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  7. Yvette,

    Yes, I remember wearing a hat much of the time back in the 50s and early 60s, but mostly in the winter though. I lived in Chicago, and a hat during the winter was a good idea. However, after four years in the AF, being forced to wear a hat, I developed a strong dislike for wearing a hat. Now, I seldom wear one, unless it's during the Tucson summer and I'm going to be outdoors for any length of time.

    I wasn't commenting on Goodwin's wearing a hat, but on the choice of Goodwin's hat--it looked too big for him. I thought his ears kept it from falling down over his face. I had to laugh every time I saw him, especially in the early episodes. It wasn't that bad in the later ones, though. Perhaps someone pointed out how silly he looked.

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  8. Fred, I think men of 'today' probably don't know HOW to wear a hat or how to feel comfortable in one. By hat, I mean fedoras and such. To me, Timothy Hutton never looked comfortable in his period clothes.

    Half the trick of working in costume is to look as if you're NOT wearing a costume.

    Not every actor can do that.

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  9. When I was growing up in Chicago in the fifties, and then New York after that, my father always wore a felt hat in the winter. Very suave look.

    I did not know about Zeck at all. This is new to me, and I haven't read any of the books you mention here, but I'll be looking for them as a I enjoy the Wolfe/Goodwin repartee.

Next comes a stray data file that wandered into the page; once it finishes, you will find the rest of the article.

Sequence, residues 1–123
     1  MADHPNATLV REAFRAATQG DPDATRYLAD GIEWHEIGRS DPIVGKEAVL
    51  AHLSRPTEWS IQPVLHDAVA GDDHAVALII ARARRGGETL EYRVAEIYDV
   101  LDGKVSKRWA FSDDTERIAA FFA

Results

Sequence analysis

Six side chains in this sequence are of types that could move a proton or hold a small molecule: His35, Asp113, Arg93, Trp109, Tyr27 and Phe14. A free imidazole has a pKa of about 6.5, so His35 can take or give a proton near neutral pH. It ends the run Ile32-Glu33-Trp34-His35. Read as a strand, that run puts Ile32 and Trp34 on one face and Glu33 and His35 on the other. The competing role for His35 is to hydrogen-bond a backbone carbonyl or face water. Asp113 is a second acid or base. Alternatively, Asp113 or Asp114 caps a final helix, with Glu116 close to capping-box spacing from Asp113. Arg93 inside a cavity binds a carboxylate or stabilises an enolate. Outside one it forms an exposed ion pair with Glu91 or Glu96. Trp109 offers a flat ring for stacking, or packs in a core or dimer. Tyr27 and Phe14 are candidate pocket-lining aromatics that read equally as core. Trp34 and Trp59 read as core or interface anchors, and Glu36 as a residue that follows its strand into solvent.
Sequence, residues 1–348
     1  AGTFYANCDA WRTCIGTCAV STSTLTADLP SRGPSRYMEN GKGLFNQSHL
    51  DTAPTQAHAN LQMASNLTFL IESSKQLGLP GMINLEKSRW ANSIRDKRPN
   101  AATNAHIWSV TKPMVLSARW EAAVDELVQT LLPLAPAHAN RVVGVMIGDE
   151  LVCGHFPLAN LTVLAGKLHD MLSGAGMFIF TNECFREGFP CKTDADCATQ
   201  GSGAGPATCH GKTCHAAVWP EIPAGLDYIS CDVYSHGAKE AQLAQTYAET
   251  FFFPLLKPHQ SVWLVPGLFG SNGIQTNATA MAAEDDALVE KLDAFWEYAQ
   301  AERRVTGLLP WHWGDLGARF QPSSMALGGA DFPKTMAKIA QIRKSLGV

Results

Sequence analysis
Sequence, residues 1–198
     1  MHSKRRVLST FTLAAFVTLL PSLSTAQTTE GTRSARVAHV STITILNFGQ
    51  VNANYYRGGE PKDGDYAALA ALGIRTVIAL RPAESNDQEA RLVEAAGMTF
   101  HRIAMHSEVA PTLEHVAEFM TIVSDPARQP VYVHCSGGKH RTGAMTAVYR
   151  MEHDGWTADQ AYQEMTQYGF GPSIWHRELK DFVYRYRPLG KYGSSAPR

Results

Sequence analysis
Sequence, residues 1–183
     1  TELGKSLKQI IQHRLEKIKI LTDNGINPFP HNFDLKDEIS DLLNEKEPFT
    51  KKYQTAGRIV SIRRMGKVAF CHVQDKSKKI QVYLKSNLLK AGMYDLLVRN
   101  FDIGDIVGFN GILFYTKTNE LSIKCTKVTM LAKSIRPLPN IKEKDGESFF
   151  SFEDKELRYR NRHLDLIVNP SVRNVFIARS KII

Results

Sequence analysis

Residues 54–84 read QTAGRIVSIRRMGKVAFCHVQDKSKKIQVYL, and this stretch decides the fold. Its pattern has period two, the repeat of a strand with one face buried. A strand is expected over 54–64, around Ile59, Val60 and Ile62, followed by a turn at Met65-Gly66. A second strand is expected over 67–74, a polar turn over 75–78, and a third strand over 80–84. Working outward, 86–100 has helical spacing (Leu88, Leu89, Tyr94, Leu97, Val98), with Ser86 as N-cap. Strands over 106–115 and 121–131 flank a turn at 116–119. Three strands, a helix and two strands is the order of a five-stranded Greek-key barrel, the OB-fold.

I agree that Goodwin is a smart aleck. He also does mouth off to Wolfe frequently, sometimes surprisingly to me, as Wolfe is "a genius, not a god," as he reminds Goodwin.

    And Goodwin likes women, but as you say, Wolfe does not. I'm not sure why, but I can't imagine him even dining with a woman without his male companions nearby.

    Unfortunately, I had to return The Rubber Band to the library, but did read its companion book, The Red Box -- liked that one.

    I think I must read a Stout every few weeks as it's just relaxing and fun, no gore, no horror, etc.

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  10. Kathy: I feel exactly that way about Stout's books. I must read one every week. Very relaxing. :)

    I love those old felt fedoras. My father wore on in the fifties. I have a pix somewhere about with him in his snazzy hat.

    I rereading THE RUBBER BAND right now.